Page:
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Use-inspired basic research on individual differences in face identification: Implications for criminal investigation and security

Lander, Karen, Bruce, Vicki, Bindemann, Markus (2018) Use-inspired basic research on individual differences in face identification: Implications for criminal investigation and security. Cognitive Research: Principles and Implications, 3 (26). pp. 1-13. ISSN 2365-7464. (doi:10.1186/s41235-018-0115-6)

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https://doi.org/10.1186/s41235-018-0115-6

Abstract

This journal is dedicated to “use-inspired basic research” where a problem in the world shapes the hypotheses for study in the laboratory. This review considers the role of individual variation in face identification and the challenges and opportunities this presents in security and criminal investigations.

We show how theoretical work conducted on individual variation in face identification has, in part, been stimulated by situations presented in the real world. In turn, we review the contribution of theoretical work on individual variation in face processing and how this may help shape the practical identification of faces in applied situations. We consider two cases in detail. The first case is that of security officers; gatekeepers who use facial ID to grant entry or deny access. One applied example, where much research has been conducted, is passport control officers who are asked to match a person in front of them to a photograph shown on their ID. What happens if they are poor at making such face matching decisions and can they be trained to improve their performance? Second, we outline the case of “super- recognisers”, people who are excellent at face recognition. Here it is interesting to consider whether these individuals can be strategically allocated to security and criminal roles, to maximise the identification of suspects.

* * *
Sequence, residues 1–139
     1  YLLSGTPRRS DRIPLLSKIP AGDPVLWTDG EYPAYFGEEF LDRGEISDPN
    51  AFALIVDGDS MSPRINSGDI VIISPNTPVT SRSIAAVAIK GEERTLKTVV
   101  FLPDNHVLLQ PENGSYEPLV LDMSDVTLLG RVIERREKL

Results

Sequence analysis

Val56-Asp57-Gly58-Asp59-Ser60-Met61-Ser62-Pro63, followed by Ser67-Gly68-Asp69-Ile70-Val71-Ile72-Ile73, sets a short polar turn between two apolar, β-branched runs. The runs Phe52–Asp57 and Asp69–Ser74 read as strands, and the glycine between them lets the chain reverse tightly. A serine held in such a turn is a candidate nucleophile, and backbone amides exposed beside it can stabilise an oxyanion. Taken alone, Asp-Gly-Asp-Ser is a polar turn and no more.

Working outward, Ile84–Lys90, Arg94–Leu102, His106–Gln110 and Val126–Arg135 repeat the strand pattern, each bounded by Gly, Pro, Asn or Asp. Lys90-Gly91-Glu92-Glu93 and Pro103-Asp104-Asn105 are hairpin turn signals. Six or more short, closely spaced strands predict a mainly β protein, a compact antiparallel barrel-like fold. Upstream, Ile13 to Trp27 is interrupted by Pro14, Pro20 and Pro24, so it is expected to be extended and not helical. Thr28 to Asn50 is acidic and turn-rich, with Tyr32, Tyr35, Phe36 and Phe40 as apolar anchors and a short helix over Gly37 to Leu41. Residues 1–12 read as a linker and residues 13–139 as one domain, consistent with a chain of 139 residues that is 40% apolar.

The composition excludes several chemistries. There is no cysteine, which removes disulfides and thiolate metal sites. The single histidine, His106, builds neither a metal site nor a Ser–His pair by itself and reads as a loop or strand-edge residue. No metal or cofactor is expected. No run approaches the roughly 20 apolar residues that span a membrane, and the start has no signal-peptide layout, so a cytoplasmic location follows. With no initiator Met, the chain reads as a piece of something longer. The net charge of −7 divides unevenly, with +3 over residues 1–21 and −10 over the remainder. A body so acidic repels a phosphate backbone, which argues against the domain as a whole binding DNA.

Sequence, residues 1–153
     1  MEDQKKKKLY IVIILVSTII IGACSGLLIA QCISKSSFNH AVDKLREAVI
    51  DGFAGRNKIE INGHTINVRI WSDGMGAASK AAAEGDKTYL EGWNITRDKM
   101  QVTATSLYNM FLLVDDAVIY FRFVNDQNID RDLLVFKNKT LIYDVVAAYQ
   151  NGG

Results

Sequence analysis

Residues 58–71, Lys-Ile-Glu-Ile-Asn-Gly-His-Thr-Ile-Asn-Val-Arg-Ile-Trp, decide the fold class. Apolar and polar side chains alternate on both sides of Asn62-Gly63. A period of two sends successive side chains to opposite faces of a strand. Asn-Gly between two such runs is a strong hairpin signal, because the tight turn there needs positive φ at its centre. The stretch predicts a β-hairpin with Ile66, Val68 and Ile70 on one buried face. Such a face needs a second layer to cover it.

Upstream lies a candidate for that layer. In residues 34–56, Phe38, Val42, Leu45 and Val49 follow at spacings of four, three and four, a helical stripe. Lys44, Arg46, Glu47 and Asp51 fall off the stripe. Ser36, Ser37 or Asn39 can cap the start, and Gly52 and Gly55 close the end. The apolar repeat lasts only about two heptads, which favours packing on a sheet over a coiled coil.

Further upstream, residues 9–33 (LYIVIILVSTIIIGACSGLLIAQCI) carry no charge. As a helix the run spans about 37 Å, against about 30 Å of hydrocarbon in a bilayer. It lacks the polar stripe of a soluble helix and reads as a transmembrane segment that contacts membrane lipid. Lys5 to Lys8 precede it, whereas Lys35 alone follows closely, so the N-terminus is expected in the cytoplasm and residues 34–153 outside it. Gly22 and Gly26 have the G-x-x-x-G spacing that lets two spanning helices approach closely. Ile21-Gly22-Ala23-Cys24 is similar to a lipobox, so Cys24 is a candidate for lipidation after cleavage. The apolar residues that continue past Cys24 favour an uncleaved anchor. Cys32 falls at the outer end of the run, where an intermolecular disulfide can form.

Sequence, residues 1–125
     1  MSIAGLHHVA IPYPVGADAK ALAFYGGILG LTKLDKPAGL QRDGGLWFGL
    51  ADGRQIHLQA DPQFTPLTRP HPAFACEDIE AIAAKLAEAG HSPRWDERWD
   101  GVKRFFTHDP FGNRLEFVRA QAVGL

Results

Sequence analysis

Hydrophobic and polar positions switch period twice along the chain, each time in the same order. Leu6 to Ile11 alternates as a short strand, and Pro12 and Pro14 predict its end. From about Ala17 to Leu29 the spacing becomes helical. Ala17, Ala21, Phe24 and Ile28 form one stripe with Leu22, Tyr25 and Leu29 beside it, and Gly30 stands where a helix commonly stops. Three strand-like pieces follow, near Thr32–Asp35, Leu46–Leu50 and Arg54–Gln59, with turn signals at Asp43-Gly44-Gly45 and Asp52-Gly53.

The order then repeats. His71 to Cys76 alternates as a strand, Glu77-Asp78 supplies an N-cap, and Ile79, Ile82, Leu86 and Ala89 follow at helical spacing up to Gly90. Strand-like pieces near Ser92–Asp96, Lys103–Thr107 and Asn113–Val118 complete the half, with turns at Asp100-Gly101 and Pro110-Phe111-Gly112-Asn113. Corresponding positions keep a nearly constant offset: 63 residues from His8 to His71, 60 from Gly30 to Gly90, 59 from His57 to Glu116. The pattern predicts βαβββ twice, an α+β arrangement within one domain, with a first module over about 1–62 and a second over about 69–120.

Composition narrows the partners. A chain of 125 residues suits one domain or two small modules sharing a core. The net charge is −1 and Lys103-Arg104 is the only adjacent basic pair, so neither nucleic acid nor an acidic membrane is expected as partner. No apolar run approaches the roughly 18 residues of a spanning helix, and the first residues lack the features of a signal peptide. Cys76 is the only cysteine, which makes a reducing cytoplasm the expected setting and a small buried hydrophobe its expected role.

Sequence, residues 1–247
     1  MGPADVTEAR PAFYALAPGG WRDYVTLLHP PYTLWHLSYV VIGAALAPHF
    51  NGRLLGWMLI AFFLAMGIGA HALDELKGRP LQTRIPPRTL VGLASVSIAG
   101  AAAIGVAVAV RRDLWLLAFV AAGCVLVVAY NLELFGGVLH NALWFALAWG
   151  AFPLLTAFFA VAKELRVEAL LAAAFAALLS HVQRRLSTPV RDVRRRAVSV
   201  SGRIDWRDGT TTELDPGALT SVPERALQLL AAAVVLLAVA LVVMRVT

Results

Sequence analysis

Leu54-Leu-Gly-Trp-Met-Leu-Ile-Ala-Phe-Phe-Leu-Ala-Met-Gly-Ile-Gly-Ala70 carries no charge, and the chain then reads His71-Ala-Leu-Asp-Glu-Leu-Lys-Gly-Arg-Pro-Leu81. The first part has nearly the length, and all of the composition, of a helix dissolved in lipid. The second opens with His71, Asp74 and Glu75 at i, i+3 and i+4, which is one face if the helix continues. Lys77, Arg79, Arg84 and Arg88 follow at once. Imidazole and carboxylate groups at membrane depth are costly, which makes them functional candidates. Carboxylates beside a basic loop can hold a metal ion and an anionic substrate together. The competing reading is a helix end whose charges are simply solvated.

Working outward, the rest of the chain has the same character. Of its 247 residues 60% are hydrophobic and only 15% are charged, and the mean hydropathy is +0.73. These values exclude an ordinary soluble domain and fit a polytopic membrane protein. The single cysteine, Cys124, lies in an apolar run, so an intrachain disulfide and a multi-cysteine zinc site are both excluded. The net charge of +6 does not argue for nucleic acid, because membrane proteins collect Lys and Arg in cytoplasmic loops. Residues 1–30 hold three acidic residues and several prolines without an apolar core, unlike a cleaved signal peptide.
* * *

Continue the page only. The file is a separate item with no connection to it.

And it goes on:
We conclude that individual differences are one of the largest documented sources of error in face matching and face recognition but more work is needed to account for these differences within theoretical models of face processing.

Item Type: Article
DOI/Identification number: 10.1186/s41235-018-0115-6
Subjects: H Social Sciences
Divisions: Faculties > Social Sciences > School of Psychology > Cognitive Psychology
Depositing User: Markus Bindemann
Date Deposited: 11 Sep 2018 09:41 UTC
Last Modified: 25 Jul 2019 10:25 UTC
Resource URI: https://kar.kent.ac.uk/id/eprint/69050 (The current URI for this page, for reference purposes)
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